Pentagram

Plastic Air

Digital Design, Data Visualization

An interactive experience for Google Arts & Culture explores the environmental impact of airborne microplastics.

You can’t see it, but plastic is floating in the air all around us. What happens to plastic items when we dispose of them? They degrade into smaller and smaller pieces called microplastics, which then end up within the air we breathe.

Pentagram partner Giorgia Lupi and her team have developed “Plastic Air,” a web-based, interactive experience that vivifies a type of pollution that most people don't even know exists: airborne microplastic deposition, the result of ever-increasing global plastic production and consumption. The experience provides a lens through which to “see” and to explore the invisible plastic particles that are ever-present in the atmosphere around us, and to consider the impact they are having on the environment and our health.

The project was developed in collaboration with Google Arts & Culture and released to coincide with Earth Day 2021. Google Arts & Culture is the tech giant’s non-profit platform with a mission of energizing art and artists and engaging people around visual culture. The initiative’s projects are wide-ranging, from digitizing museum collections to partnering with artists and creative coders on new and exciting experiments. Plastic Air will be featured in the free Google Arts & Culture app and is part of "Heartbeat of the Earth," a series of online experiments by artists that interpret the planet’s data, launched by Google in collaboration with the United Nations Framework Convention on Climate Change (UNFCCC)

The Google team reached out to Pentagram to specifically articulate the rising danger of plastic pollution. The challenge for the designers was to create a visual experience based on something largely invisible. At the same time, microplastics are an emerging area of scientific inquiry, and not much is known about them. A major component of the project was establishing a methodology for visualizing the problem and shaping various datasets with information that is still limited and speculative.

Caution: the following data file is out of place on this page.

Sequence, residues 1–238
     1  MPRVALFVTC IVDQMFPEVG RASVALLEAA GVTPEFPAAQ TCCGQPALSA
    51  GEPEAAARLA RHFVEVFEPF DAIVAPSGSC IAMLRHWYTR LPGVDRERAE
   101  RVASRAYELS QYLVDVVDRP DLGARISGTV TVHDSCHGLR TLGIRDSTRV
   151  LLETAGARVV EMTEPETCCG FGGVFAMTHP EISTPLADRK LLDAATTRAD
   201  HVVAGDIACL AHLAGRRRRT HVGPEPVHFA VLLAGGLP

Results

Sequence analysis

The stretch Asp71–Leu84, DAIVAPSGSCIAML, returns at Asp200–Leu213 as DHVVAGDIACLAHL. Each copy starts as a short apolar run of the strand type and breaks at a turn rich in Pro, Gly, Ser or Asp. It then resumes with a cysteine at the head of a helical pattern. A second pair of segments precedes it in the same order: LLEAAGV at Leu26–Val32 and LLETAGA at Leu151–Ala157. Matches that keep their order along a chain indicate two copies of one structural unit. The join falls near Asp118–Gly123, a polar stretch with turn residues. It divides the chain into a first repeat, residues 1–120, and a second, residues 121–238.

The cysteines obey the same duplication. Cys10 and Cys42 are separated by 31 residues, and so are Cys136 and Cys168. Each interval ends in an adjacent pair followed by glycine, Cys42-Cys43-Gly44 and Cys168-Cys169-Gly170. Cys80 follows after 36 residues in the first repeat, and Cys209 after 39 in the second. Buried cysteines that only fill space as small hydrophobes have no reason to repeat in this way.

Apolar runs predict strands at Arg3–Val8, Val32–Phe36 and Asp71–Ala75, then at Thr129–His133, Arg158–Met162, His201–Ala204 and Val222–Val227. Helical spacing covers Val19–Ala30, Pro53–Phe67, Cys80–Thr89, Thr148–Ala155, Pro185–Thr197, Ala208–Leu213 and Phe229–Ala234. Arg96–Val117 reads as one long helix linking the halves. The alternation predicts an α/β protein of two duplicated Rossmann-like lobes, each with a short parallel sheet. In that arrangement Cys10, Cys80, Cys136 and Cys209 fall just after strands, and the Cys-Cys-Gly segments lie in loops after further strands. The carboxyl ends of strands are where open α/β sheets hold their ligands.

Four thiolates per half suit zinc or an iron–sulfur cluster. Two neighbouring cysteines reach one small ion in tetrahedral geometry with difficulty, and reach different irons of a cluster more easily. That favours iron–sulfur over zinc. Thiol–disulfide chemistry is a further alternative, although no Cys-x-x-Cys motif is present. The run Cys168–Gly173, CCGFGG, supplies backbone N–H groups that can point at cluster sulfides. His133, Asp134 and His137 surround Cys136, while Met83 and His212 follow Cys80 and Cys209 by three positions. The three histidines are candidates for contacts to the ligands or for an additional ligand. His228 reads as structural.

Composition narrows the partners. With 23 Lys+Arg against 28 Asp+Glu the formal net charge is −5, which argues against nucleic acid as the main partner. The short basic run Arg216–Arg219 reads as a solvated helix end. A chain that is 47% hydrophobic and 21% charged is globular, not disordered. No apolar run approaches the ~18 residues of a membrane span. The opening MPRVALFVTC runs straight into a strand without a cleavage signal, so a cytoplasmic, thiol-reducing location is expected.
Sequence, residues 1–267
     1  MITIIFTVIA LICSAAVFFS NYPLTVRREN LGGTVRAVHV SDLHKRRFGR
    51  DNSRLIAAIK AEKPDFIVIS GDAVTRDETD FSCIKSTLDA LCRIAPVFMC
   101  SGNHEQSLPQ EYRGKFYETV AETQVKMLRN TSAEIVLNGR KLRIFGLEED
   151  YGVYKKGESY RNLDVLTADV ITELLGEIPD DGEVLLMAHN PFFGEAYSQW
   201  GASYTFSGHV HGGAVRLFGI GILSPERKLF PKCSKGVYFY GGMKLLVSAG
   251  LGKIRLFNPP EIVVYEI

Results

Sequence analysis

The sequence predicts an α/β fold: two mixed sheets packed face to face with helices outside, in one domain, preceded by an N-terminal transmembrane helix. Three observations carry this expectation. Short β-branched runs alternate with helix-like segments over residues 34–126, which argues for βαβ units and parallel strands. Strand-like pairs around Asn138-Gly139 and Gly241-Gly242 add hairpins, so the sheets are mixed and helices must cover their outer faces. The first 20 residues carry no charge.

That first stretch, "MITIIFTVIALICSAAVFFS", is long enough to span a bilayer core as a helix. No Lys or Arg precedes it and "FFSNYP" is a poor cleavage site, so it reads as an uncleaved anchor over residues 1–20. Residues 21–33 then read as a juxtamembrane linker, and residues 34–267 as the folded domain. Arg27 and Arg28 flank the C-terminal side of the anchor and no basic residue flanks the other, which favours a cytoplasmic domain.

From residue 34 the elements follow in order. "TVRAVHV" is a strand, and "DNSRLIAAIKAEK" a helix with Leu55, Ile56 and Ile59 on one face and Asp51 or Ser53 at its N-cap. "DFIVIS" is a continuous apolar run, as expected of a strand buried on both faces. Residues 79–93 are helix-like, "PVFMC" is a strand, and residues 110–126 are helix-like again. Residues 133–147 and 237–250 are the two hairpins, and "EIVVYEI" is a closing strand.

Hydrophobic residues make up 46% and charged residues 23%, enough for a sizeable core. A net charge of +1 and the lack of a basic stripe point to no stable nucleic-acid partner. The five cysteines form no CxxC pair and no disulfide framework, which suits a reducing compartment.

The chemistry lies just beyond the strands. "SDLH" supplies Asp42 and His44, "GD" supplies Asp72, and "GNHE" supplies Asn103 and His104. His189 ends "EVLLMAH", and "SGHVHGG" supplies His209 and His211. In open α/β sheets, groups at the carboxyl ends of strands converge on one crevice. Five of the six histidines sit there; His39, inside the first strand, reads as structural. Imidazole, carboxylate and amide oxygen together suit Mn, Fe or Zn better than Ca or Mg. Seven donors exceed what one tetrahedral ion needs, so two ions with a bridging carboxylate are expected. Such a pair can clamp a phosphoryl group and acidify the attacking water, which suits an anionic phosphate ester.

To begin the project, the Pentagram team interviewed several leading atmospheric researchers and referred to existing studies to identify datasets they could leverage in the experience. The concept hinged on a seen/unseen dichotomy: because microplastics are invisible to the human eye, they go unnoticed despite having real impacts on ecosystems and human health. 

“Plastic Air” allows viewers to imagine these particles as objects and see what we usually don’t see. The experience consists of a speculative “window” onto a data-driven approximation of plastic particles that exist all around us, but remain hidden to the naked eye. Users can drop identifiable objects like housewares and apparel to “pollute” the sky, and then see the items break down into the air. They can also adjust factors like location (cities vs. rural areas) and weather conditions like wind, rain and snow to see how these affect dispersal patterns.

The designers wanted the experience to be highly engaging, to encourage users to spend some time with it and share it with their friends. Like much of Giorgia’s work, the project utilizes the principles of “data humanism”––using data to uncover a relatable human element behind the numbers and statistics, to help make the issue more accessible.